I’m officially too lazy to write and have started vlogging on youtube …
I’ll try not to get too bogged down with learning all the technical stuff and thus discouraging myself, so please excuse if the first few are a little less than stellar [in terms of editing!] Thanks!!
I’m officially too lazy to write and have started vlogging on youtube …
Julia at Real Detroit Weekly interviewed me about the Waffle Party this weekend in Pontiac … coincidentally this weekend is also the Movement Electronic Music Festival in Detroit. So, who knows, we may have a lot of people just show up! We have to be ready.
Also, the Press Release was printed last weekend in the Oakland Press & it’s been posted on several community boards.
Got your irons ready? Get set … GO !!!
Choclate Sauce, agave & maple syrup, vegan whipped topping, strawberries, blueberrie, and black berries, chocolate chips, coconut flakes, Earth Balance, flax ….
We’re going Mexican themed here: Local guacamole & salsas, black beans, lettuce, cilantro, soy sour cream, hot sauce, Daiyva Cheeze
Plus more …
Here is an excerpt from the interview:
How’d the idea come to be?
There’s this group of people in Pittsburgh who have been doing waffle parties since the ’90s. It sounded like a lot of fun. … I’m vegan, and I’ve only lived [in Michigan] for about a year and a half.
From my friend over at thereafterish – she challenged readers to compose a poem from a random rhyme generator.
This is what I got from the words ‘vegan,’ yogi’ and ‘reject’ and 5 minutes of writing. I actually like it; it was fun!
Once upon a time I aspired to be vegan
Just one PETA video and I was ready to begin
Daily I gorged myself on gourmet char-grilled seitan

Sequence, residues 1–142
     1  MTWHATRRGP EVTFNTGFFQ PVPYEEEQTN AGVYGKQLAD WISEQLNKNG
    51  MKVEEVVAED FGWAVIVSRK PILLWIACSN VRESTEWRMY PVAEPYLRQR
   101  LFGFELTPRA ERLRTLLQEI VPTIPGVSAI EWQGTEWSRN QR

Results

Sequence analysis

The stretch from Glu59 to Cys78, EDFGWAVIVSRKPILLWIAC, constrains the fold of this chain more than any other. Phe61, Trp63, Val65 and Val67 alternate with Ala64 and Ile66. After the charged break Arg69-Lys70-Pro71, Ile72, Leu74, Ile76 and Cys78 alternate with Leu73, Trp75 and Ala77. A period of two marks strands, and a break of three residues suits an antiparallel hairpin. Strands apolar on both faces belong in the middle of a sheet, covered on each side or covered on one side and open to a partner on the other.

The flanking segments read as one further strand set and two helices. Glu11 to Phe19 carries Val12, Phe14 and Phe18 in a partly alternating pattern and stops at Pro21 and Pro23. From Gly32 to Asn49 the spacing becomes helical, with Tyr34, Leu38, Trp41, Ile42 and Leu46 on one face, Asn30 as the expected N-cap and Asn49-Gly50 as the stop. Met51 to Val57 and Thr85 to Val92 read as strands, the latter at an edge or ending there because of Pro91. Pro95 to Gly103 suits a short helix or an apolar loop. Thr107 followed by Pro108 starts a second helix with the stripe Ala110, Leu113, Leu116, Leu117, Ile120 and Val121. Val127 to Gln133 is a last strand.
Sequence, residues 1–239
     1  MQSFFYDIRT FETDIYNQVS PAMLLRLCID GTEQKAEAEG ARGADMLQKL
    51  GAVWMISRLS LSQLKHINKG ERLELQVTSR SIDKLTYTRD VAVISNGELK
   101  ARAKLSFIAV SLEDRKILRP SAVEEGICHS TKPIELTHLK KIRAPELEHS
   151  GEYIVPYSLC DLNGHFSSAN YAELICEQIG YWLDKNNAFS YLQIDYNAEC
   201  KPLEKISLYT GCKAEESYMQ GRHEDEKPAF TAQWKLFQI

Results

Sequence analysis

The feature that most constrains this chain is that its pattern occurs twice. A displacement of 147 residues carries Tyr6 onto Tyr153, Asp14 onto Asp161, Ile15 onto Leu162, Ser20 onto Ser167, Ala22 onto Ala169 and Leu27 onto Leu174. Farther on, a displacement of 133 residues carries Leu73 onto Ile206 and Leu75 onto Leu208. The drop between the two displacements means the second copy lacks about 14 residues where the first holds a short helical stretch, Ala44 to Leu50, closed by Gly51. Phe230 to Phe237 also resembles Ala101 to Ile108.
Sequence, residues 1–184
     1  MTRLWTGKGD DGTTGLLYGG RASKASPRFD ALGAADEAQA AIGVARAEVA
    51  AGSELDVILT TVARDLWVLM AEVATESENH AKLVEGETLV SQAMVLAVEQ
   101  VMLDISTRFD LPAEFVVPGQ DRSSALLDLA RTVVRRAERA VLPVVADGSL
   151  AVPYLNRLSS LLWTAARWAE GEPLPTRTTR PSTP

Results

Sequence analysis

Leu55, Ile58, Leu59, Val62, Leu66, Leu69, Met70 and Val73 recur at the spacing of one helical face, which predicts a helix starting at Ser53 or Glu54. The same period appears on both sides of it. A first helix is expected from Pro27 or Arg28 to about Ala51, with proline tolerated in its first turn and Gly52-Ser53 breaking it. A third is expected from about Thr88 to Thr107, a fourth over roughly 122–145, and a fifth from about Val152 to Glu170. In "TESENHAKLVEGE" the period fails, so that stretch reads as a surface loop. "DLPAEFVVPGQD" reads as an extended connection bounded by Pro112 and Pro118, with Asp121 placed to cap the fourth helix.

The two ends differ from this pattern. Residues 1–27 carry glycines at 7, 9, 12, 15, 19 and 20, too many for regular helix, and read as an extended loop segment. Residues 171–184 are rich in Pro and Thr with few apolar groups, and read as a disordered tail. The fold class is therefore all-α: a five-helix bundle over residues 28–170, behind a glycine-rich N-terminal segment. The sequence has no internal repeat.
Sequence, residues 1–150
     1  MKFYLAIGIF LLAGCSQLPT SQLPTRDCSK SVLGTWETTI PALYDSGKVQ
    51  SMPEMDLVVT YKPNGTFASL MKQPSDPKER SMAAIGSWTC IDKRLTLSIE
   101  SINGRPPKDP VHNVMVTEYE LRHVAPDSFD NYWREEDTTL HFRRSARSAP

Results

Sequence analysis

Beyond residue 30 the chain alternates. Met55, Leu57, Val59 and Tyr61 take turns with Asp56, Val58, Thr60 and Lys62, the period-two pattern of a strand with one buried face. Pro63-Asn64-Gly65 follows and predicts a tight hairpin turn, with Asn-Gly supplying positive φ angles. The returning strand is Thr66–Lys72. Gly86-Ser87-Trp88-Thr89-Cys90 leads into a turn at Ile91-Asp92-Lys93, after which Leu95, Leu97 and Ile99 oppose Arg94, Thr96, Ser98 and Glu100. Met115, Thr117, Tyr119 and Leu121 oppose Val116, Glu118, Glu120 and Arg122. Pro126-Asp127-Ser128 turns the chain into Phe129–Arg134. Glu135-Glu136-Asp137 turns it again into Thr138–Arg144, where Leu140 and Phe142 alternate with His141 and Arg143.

and freshly made salads topped with candied pecans
But one day my Yoga master, a respected old fogey
told me I had to have dairy if I wanted to be a strong yogi
Laughing in his face I continued to select
the very best rice cheeses & soymilks I could detect
He told me I was bordering on disrespect
And threatened to toss me out of this exclusive sect
So now I practice at home, a veganic yoga reject.
PS Fuzzy Baby Kitties! xoxoxo
The event is also on Facebook – please RSVP by searching for Vegan Waffle Party, you’ll see one titles “Pontiac Edition” and add yourself to the guest list. It would be awesome to get fifty people out to the event! Downtown Pontiac, in a great space on N. Saginaw St, across from Bo’s, same building as Ajna Yoga Center (www.ajnayogacenter.org).
** MEDIA ADVISORY **
Pontiac, May 21, 2010 – A truly unique get-together will be happening in downtown Pontiac on Memorial Day Weekend. What started 3 years ago in Pittsburg as a day of awareness and fun for vegan issues, has morphed into a global movement of inspired foodies sharing the deliciousness & variety of waffles.
“Some people ask me ‘How can waffles be vegan [no eggs or dairy]?” said organizer and long-time vegan Aletha Asay of Pontiac. (vegan for 3 years, and vegetarian for 3 years before that) “It’s easy. You just replace some of the ingredients.” But attendees won’t have to worry about making their own waffles. Asay and volunteers will be dishing up the eats. The complete all-you can eat vegan waffle bar for $10 starts at 6:30 p.m. at 48 N. Saginaw St in Pontiac (Workfly, across from Bo’s).
Included is a live DJ, film screening of award-winning documentary “The Witness” (www.tribeofheart.org) and an opportunity to learn more about local animal charity Tail Waggers USA. Extra monies from the event will be donated to Tail Waggers’ Spay and Neuter program.
The purpose of Vegan Waffle Party is to ‘bring people together and raise awareness about serious issues in a fun, lighthearted, delicious, and non-threatening way,’ according to waffleparty.com. “I hope that people will come away having learned some truth about animal issues and be empowered to make more compassionate choices,” Asay added.
For more information or to RSVP, search Waffle Party on Facebook.
I’m officially not blogging anymore.
However, I do want to promote, in case you got here via http://waffleparty.com that I will be hosting a Vegan Waffle Party on May 29. Location TBA in Pontiac MI … if I have enough support it will include a film showing and possibly live music.